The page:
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Credits: Dario Parenti Oenologist
“The Wolf Post”, has already highlighted, in previous interviews, how climate change was a reality to deal with today and no longer tomorrow.
Summer 2022 will be remembered in Europe, especially in the southern side of the continent, as the hottest and driest. The difference compared to other seasons, like last summer, lies in the duration of the high temperatures.
Drought is putting a strain on agriculture and the wine sector is not excluded. In Italy, the North has to deal with a new reality such as water rationing. The coming summers could be even hotter.
The challenges for the winemaker are many. We ask the crucial figure in the sector for his thoughts on the matter.
The thoughts of the oenologist Dario Parenti.
Summer 2022: what difficulties, due to drought and the persistence of heat, are you currently experiencing in your work?
Not only is it a difficult summer, the past winter and spring were even more so: only in 2017 and 2003 did we witness such a marked shortage of rain for so many consecutive months. Thankfully, we have had fewer late frosts than five years ago and last year.
At the moment, the problems of water stress are more contained for the vine than other crops, currently already in great suffering but, if the situation does not improve, we risk facing increasing problems both for quantity and quality. Formation of aromatic and polyphenolic precursors have already begun but they may not be efficient where water is lacking. And without rain, the withering of the grape, resulting in an obvious quantitative reduction, is a potential big problem, especially after a year, the year 2020, which had had a strong decrease in production.
How are you dealing with any emergencies, also in view of the harvest?
Most of the vineyards are not yet suffering but, given the situation, the problems due to drought are getting closer and closer. Those vineyards with too loose soils and, obviously, those just planted are already suffering from drought: it is even more inevitable in this case to compensate for the lack of rainwater by adding it directly. For the vineyards in production, it is then essential to think about land management that favors both the penetration of rare rainwater and the preservation of moisture in the lower layers.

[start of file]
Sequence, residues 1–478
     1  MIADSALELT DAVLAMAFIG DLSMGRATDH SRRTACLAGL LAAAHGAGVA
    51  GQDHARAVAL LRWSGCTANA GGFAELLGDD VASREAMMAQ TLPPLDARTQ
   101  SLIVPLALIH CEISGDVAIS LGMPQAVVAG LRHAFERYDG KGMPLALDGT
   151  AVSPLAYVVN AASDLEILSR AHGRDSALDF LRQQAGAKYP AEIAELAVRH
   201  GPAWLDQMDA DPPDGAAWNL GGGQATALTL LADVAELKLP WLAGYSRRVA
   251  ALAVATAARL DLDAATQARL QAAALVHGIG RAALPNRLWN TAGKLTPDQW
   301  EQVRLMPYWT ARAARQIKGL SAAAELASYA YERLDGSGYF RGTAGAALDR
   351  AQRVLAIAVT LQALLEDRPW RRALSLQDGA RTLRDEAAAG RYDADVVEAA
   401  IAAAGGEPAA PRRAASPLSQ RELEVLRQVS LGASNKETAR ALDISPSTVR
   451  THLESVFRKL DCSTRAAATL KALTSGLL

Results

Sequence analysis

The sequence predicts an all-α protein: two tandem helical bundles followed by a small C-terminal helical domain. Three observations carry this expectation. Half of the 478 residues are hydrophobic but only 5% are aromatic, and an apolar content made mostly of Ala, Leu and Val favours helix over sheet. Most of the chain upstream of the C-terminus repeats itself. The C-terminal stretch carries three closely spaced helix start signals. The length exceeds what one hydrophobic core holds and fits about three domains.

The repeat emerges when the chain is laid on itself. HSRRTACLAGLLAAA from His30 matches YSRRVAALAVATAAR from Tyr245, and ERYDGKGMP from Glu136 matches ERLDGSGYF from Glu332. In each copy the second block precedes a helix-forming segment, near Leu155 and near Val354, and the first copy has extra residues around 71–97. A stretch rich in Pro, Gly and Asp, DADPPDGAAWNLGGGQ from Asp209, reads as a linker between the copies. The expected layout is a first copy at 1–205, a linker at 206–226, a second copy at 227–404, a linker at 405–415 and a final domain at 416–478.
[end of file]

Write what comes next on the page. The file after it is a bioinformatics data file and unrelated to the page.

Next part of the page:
Differences in criticality between vineyards in the North and South (the latter used to extreme temperatures and drought)?
Also in the South of the country there was a proportionate increase in temperatures as well as a decrease in the already sporadic rainfall, in a scenario that is generally more difficult than ours. But, as you say well, the habit of lack of rain is more rooted in time and rootstocks, emergency irrigation systems, varieties and farming methods suitable for dealing with these difficulties were chosen.
In Tuscany, however, we have always focused on a grape variety, Sangiovese, which copes with climate change better than most other varieties: if it finds its right combination between soil structure and exposure with global warming it could also improve, in certain specific cases. Obviously, and inevitably, when managed as a result of a careful analysis of its relationship with soil and climate.
How does your work adapt in view of times when the climate, both in summer and in winter, will increasingly (and not positively) affect the work of agricultural entrepreneurs?
We have already partially changed the approach to viticulture and agronomy of the last fifteen to twenty years, favoring practices that are more suitable for these new climatic scenarios as well as reshaping the choices both in terms of vineyard planting and in annual operations. Pruning, to give an example of winter work, we are postponing it as much as possible so as to prevent any late frosts from affecting the young shoots, compromising the vintage right from the start. In summer, however, if mulching of the soil is increasingly used, practices such as leaf removal and thinning, extremely popular in the early 2000s, are now applied with much more caution than before.